dl-fldigi can be used to decode RTTY/SSDV and THOR4. The data format for THOR4 is the same as normal RTTY telemetry, ie. sentences with call sign, sequence number, time, coordinates, altitude, speed, satellites, GPS status and battery voltage as can be seen in this fldigi decode for DominoEX8.

IMG 1299

Check here for instruction on RTTY/SSDV decoding:

With JT65, we will need to use WSJTX software from Joe Taylor

The existing JT65 protocol has a limitation of 13 characters per message, so our telemetry data will be sent as two JT65 packets:
Packet #1: VK3YT+Altitude(4 digits)+Satellite(2 digits)+Temperature(2 digits)
Packet #2: Lat+Long without decimal point+temperature sign (-/+)

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In the screen capture, the two lines of test telemetry are:
VK3YT00110725 & -37480144846

This translates to:
- Altitude = 0011 * 100 = 1100m
- Number of Satellites = 07
- Temperature = 25C
- Lat = -37.480
- Long= 144.845

If you receive JT65 telemetry from the payload, please send a screen capture or the two lines to and we will manually upload that to If JT65 proves to be viable for long range telemetry we will look at integrating the decoding software with

WSPR can be decoded using WSPR software

You can check the WSPR spots (received transmissions from a WSPR beacon) here

WSPR propagation map can be found here

When looking for the signals, the HF frequency should be quite accurate as that is GPS compensated. You will need to check the transmission timeslot table, and look for the signals either audibly or visually.

This is spectrum sample for a THOR4 signal.

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This is spectrum sample for a JT65 signal. Note the very narrow bandwidth of less than 400Hz. Each JT65 transmission starts on the second second of the minute and completes in 46 seconds. Therefore time on the computer has to be accurate within 1 second of UTC time. Please consider syncing the time with internet time servers

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Actual RF spectrum from the Pi after a LPF


Tracking data will be uploaded on the day to

Initial testing looks promising, this is a WSPR transmission received from the payload. The distance is 16,000km.


PSB-4 up and away!

PSB-4 lifted off in very strong wind condition yesterday

PICO launch

Solar panel worked well, the payload was powered for 5 hours until it shut down at low light, covering a distance of about 350km. Floating altitude was 6200m.

Telemetry transmission would resume when the solar panel gets enough sunlight the next day.

This was also our first field test of the new GPS module MAX-7C. It was working fine, and being very power efficient it was perfectly suitable for PICO flights.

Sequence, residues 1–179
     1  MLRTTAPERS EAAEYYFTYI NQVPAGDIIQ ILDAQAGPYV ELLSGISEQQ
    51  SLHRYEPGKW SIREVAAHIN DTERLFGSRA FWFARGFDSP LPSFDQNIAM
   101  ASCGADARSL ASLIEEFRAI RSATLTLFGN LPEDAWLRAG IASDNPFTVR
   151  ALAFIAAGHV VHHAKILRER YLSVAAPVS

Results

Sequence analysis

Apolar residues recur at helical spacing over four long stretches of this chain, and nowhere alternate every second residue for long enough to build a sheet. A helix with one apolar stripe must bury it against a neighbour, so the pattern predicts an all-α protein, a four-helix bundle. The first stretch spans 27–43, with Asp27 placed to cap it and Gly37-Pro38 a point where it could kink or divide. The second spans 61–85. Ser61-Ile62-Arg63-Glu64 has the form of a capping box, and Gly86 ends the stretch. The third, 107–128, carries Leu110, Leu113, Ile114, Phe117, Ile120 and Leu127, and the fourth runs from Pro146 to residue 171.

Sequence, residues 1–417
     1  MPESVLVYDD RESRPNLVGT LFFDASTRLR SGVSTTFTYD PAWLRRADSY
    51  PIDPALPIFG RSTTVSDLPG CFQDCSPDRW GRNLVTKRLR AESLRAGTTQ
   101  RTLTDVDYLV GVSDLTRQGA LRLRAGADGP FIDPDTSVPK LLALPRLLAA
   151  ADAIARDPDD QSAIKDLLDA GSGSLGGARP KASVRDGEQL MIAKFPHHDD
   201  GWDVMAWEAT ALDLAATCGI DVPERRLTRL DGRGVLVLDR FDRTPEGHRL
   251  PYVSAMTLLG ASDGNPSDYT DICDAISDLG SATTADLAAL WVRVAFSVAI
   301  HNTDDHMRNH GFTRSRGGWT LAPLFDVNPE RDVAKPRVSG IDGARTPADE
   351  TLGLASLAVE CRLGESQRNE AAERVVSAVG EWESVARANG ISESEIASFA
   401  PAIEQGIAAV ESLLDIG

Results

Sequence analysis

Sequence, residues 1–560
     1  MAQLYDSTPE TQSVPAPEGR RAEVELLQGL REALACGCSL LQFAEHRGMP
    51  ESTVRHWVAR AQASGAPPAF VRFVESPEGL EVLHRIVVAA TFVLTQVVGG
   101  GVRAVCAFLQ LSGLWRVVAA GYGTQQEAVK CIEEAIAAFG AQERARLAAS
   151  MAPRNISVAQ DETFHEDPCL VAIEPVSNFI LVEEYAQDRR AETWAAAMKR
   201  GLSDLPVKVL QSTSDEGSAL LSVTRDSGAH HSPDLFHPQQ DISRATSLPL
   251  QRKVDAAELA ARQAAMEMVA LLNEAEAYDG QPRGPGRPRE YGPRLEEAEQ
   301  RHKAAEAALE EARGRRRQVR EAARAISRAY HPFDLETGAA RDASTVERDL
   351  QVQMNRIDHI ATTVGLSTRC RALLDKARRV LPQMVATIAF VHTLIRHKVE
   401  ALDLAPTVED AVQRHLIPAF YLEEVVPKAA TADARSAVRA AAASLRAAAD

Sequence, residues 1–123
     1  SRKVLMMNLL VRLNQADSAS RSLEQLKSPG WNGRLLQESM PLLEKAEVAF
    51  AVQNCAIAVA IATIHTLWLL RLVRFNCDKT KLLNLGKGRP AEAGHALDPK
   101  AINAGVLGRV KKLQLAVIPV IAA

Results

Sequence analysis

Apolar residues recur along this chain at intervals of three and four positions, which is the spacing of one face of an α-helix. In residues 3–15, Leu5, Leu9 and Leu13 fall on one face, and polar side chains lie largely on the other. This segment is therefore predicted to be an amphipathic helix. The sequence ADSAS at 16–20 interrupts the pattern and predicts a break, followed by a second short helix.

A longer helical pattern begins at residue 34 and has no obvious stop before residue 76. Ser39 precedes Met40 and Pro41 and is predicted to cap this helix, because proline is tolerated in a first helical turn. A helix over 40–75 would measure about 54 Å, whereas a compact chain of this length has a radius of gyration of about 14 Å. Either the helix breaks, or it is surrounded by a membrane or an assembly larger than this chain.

A big thank you to everyone for assistance with tracking at a short notice. The 6200m altitude didn’t give us a good radius of radio horizon like previous flights at higher altitudes. Peter VK3XCO and VK3ZYC did a good job of getting most of the telemetry packets as the payload headed towards the Tasman.

Flight path:

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If the balloon remains afloat, predicted trajectory shows an Easterly path towards the northern part of New Zealand, and should be within reception range of Auckland around 9am Monday 7 October local time . It would be interesting to see if anyone can hear the payload again.

19778 trj001

For power saving we had the payload sending sequences of beeps at a few seconds apart, followed by telemetry packets at 434.650Mhz USB, 100baud RTTY with 440Hz shift, ASCII 8,None,1. The frequency was drifting to 434.653 the last time it was heard.

The audio beeps are very distinctive, and we’d love to hear reports of anyone who thinks they might have heard PSB-4! Please send reports to The balloon will only transmit if the solar panel generates enough power, ie. 10am to 4pm local time.

Solar PICO

This is the first test of our solar pico


We plan to release the PICO in Ballarat today (5th Oct), to test out the Solar panel, and light weight payload on a foil balloon. At 15g including solar panel this is our lightest payload so far.


The max expected altitude is around 6000/7000m so we are not sure what the radio reception radius will be, will call out to the mailing lists for help if this starts looking promising!

We don’t expect to recover this payload if it stays up for a while.

The tracking telemetry is as previous flights:

434.650Mhz USB, 100baud RTTY, ASCII 8,None,1

Tracking on as PSB-4